The cartel had agreed to huge cuts in output in 2020 when the pandemic sent oil prices crashing but began to increase production last year as the market improved.
Now, the output cuts are being considered on the back of a slide in oil prices from multi-year highs reached in March and market volatility.
Oil prices soared to almost $140/barrel in March after the start of Russia’s war in Ukraine, but have since fallen to around $80/barrel amid recession fears.

Print Friendly, PDF & Email
Continue Reading

Business

‘Blue Economy Can Contribute $1.5trn To Economy’

Published

on

Secretary-General, International Seabed Authority, Michael Lodge, has said the sustainable development of deep seabed resources located in Africa’s continental shelves, and in the international seabed area can be a key driver for the development of Africa’s Blue Economy.
He stated this, Monday, in Abuja, during a pre-event press briefing on the imperative of supporting Africa’s Blue Economy.
The event is jointly organised by the International Seabed Authority in collaboration with National Boundary Commission, Federal Ministry of Transportation, Nigerian Maritime Administration and Safety Agency, and other relevant Ministries, Departments and Agencies, and aimed to support the  strategy of Africa’s Blue economy.
Quoting the United Nations statisics, Lodge said Blue economy could also contribute up to $1.5tn to the global economy if effectively and sustainably managed.
“The sustainable development of deep seabed resources located in Africa’s continental shelves and in the international seabed area could be a key driver for the development of Africa’s Blue Economy.
“According to the United Nations, Blue Economy could contribute up to $1.5tn to the global economy if effectively and sustainably managed.
“This is a huge opportunity for Africa and each African state. The oceans and seas surrounding the African continent include a wealth of natural living and non-living marine resources. This inspired a growing interest in the sustainable development of the African Blue Economy”, he said.

Print Friendly, PDF & Email
Continue Reading

Business

FG, States, LGs Share N2.429trn In Three Months

Published

on

The three tiers of government comprising Federal, State, and Local, have shared N2.429 trillion from the Federation Account from June to August, 2022.
The amount is made up of statutory distributions, Value Added Tax (VAT), and others that goes to collecting agencies such as the Nigeria Customs Service (NCS) and the Federal Inland Revenue Service (FIRS).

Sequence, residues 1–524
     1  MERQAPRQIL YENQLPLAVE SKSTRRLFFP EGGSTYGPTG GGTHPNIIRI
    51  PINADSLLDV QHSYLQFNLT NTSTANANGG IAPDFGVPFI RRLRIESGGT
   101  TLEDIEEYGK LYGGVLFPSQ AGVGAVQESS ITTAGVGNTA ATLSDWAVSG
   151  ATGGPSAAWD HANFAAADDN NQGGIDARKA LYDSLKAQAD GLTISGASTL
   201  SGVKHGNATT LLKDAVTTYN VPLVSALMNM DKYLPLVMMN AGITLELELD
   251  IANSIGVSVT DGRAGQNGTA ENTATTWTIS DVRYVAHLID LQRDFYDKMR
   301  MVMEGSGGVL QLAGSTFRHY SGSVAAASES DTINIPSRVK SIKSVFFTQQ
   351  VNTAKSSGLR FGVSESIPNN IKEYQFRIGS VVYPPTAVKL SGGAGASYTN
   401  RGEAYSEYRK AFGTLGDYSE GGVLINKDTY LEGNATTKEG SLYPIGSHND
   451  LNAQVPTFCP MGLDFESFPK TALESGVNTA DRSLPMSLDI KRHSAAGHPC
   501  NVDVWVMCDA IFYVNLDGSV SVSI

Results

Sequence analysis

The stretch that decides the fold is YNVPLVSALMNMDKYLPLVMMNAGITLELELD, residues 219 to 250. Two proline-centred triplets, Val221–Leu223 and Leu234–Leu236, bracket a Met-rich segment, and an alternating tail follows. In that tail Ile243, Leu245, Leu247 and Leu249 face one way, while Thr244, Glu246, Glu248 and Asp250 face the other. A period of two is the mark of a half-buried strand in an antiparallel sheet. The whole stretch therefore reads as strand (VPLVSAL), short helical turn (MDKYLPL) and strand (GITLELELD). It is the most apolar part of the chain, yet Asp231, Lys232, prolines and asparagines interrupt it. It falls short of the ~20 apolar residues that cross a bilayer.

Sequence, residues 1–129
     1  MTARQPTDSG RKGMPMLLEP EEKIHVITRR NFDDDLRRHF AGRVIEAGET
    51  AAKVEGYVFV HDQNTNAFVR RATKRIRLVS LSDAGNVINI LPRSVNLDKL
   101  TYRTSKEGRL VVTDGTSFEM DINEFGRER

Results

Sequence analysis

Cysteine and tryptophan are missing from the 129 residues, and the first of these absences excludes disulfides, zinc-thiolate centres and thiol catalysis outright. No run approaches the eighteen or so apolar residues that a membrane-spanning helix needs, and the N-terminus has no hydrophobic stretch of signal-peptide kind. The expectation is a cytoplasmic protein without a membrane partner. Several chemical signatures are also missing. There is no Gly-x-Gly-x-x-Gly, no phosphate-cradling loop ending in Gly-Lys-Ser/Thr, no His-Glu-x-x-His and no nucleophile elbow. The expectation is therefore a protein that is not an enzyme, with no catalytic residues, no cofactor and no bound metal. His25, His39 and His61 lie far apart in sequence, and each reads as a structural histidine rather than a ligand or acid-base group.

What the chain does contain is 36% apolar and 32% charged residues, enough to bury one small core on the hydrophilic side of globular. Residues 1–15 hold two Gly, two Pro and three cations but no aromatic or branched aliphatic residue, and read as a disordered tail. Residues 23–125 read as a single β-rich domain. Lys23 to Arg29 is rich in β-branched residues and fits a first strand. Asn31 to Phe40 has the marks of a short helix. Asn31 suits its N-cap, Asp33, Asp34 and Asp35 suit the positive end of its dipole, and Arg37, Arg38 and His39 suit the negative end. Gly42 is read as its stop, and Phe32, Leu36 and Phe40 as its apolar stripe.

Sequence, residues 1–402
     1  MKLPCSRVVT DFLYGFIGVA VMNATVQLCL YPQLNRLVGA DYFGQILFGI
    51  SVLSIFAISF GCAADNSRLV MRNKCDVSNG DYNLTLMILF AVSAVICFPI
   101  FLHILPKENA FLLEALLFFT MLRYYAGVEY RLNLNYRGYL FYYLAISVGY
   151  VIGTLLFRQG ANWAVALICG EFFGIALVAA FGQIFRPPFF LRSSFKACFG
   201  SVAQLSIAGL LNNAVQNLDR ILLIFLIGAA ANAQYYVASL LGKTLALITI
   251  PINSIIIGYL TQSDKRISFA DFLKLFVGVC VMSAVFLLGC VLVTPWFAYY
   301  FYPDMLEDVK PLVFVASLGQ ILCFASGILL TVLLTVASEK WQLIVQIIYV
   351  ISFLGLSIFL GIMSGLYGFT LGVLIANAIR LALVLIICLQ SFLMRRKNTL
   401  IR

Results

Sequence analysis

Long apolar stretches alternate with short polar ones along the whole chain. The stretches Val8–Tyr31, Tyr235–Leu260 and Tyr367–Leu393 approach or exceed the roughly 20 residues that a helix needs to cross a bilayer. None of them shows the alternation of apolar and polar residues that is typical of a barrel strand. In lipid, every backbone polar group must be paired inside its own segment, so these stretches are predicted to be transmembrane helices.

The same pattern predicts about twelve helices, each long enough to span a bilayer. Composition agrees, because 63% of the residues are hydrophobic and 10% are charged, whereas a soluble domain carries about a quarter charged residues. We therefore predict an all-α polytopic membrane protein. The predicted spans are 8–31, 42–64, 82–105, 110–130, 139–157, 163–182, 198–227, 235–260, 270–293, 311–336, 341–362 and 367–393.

Data available to The Tide’s source stated that the Federal, State and Local governments got N673.137 billion in August, N954.085 billion in July and N802.407 billion in June.
Under statutory disbursements, which is derived after VAT and cost of collection are deducted from the total distributable revenue that accrues to the Federation Account at the end of every month, N1.823,369 trillion was shared among the Federal, State and Local Government councils.
In the three months, the Federal Government received N437.871 billion; State governments received N776.918 billion, while Local governments got N608.580 billion, thus bringing the total statutory disbursements between June and August to N1.823,369 trillion.
Under the proceeds from VAT, a total allocation of N586.26 billion was made to the benefiting governments in the three months reviewed. In August, the three governments got N215.266 billion, in July, N177.167 billion, and in June, N193.827 billion.
From June to August, the FIRS, Customs and other revenue-generating agencies that are entitled to the cost of collection received and shared N35.487 billion in August, N47.254 billion in July and N44.606 billion in June, 2022, bringing the total for the three months to N127.347billion.
After making all the deductions, the remainder known as the ‘total distributable’ was shared as follows: Federal Government in August received, N259.641 billion, in July N406.610 billion and in June, N321.859 billion. So, in the three months, the Federal Government got N988.11 billion.
Within the same months, the state governments received N222.949 billion in August; N281.342 billion in July and N245.418 billion in June – all amounting to N749.709 billion.

Print Friendly, PDF & Email
Continue Reading

Trending